o Take, for example, days of the week. In each day we perform a number of tasks, so we could want to record each task as a separate item under a group called, say, Monday’s Tasks.
o It could be helpful to think of an array as a row of mail boxes in an office, just as you might think of a variable as a single, solitary mail box.
o The boxes in an array are numbered upwards, starting at box number 0 – note that counting begins at 0 here, just as we discussed in the previous chapter. The number assigned to each box is known as its index.
arrDays = new Array();
This statement creates a new, empty array called arrDays. We can call arrays just like we can variables, but with a few minor adjustments.
o If you already know how many elements a given array will have, you can declare this explicitly:
arrDays = new Array(7);
o More useful, however, is the ability to “fill” the boxes of an array when you create it. For example:
arrDays = new Array(“Monday”,”Tuesday”);
We now have an array with two elements. The first (element 0) has a value of “Monday”, while the second (element 1) has a value of “Tuesday”. We need not restrict ourselves to string values in arrays – Boolean, numerical and string values are allowed, as in arrays. It is even possible to assign other arrays to array elements – more on this later.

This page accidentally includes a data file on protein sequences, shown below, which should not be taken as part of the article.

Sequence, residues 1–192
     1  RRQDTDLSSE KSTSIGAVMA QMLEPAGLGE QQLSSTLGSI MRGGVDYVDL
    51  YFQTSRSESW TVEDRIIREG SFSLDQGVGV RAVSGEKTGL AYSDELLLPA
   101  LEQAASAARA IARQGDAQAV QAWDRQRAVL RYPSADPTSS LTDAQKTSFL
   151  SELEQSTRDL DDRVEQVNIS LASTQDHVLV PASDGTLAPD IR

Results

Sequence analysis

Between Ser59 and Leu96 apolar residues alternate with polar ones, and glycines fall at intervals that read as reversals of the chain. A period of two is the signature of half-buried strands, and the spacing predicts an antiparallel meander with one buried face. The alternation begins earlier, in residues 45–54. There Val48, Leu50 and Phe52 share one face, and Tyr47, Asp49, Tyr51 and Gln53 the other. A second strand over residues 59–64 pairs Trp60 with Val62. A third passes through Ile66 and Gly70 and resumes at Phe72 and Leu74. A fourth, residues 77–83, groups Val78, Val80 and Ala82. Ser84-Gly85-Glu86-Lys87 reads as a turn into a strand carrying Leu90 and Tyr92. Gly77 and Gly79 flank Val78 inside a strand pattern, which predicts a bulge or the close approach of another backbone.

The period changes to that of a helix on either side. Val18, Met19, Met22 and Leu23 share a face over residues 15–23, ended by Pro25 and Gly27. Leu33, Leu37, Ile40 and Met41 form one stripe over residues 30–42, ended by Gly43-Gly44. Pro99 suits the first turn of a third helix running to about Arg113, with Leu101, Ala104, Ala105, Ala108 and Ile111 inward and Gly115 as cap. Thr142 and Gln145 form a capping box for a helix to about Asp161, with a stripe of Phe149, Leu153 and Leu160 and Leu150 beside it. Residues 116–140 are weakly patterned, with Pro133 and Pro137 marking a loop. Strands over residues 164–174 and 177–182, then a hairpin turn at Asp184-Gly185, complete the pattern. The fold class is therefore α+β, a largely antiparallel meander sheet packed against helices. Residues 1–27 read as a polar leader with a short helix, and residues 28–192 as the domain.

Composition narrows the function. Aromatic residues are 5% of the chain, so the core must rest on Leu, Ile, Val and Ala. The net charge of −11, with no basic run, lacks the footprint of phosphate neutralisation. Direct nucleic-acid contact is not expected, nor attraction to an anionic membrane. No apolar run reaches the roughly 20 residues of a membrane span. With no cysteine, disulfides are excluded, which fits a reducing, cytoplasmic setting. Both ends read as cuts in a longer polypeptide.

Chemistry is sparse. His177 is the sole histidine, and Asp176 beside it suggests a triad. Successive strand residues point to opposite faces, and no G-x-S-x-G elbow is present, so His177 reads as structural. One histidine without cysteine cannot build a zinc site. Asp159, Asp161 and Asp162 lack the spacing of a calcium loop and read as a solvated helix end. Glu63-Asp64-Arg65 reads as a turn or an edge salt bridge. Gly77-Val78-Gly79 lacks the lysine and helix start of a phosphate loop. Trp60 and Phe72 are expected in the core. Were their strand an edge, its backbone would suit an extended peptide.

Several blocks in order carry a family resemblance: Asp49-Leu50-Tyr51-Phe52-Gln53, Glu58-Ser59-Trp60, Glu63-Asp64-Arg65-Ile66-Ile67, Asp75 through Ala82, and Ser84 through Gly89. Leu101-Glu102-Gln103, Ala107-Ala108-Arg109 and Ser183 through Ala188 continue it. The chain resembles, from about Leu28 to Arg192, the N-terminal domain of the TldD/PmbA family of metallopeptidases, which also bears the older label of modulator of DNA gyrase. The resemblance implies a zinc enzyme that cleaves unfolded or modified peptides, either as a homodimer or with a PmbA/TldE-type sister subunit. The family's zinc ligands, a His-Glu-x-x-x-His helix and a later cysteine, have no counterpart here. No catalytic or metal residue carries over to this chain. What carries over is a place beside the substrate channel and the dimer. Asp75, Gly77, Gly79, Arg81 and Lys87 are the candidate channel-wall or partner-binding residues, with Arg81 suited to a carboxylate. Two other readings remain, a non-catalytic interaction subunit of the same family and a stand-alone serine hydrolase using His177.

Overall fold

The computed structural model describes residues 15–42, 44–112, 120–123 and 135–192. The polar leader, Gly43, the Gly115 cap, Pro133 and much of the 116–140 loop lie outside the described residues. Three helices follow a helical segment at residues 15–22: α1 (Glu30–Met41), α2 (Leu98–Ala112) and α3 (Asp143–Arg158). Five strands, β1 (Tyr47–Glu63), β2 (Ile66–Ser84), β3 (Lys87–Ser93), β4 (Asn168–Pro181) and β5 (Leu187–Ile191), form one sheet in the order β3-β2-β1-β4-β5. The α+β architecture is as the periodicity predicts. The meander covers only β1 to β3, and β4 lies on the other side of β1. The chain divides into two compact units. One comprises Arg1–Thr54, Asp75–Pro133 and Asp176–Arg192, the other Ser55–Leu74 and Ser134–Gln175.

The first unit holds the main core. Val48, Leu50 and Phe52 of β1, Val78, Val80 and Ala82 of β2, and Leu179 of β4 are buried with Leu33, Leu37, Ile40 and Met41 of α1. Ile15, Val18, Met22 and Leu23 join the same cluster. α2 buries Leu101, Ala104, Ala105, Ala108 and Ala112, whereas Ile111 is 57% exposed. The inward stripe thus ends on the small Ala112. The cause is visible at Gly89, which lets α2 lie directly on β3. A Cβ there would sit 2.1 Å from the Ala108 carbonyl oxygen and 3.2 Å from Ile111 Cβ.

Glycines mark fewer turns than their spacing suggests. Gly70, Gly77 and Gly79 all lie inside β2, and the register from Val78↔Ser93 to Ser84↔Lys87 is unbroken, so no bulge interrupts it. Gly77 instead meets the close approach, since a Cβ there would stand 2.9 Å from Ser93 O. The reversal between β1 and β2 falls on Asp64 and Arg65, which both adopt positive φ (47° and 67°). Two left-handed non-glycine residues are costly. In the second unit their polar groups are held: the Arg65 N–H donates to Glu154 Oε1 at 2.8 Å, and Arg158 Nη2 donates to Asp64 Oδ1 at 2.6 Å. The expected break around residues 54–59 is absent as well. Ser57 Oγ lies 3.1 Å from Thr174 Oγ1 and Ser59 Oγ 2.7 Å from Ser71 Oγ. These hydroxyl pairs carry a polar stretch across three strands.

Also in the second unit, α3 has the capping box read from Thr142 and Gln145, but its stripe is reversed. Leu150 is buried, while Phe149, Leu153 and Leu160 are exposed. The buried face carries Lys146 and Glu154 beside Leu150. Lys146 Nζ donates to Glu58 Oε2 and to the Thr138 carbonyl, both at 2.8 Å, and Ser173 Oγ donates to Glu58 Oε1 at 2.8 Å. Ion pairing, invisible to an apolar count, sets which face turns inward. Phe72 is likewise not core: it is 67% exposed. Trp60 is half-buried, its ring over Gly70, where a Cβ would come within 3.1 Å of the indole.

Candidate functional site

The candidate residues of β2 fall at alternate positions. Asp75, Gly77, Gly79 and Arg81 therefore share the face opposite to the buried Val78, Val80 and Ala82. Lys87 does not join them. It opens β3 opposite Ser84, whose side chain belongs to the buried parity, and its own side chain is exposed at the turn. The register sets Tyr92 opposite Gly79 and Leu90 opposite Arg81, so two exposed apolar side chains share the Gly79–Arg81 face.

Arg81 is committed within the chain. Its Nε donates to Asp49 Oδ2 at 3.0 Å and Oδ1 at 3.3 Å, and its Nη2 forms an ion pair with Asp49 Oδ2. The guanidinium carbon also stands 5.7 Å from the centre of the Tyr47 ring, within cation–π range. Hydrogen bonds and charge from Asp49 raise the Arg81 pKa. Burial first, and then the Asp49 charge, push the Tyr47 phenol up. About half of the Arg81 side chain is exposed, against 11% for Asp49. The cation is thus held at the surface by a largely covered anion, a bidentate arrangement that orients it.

o The most often-used way of creating an array is to use “square bracket” notation. Square brackets play a large role in the use of arrays, so this is often the easiest method to remember:
arrDays = [“Monday”,”Tuesday”];
This is identical to the previous example.
To access an array’s elements, we first call the array’s name, and then specify the number of the element in square brackets, like so:
Note the lack of quotes around the 0 here. This line of code is equivalent to:
assuming the array is defined as in the previous examples.
o Not only can we access the value of an array element using this notation, but we can also assign the value as we
arrDays = “Tuesday”; arrDays = “Wednesday”;
o If you wish to add an element to an array without knowing the index of the last element, you can use the following code:
arrDays = “some other day”;
how_many_days = arrDays.length;
o As well as properties, arrays have very useful methods. If you wished to sort your array alphanumerically, you could use the array’s sort method thus:
Note that the sort method works on the actual array itself, overwriting the current values. So, if you had an array with each day of the week as an element, calling its sort method would mean that arrDays was then equal to “Friday”, not “Monday”.
o Open your previous project file, and save it under the name chapter_15.html.
o Store the names of the months of the year in an array.
Use an array method to sort the array elements alphanumericall
o Use a for loop to iterate through each array element in turn, and print the value of the element to the screen (hint, consider the use of array[i], where i is the for loop’s counter).
o To reinforce this generalism, if you have not used the array.length value in your loop, consider its use now. To prove that you have created a more generic loop, try the code with an array of days instead of an array of months, and see if you have to change any of the looping code.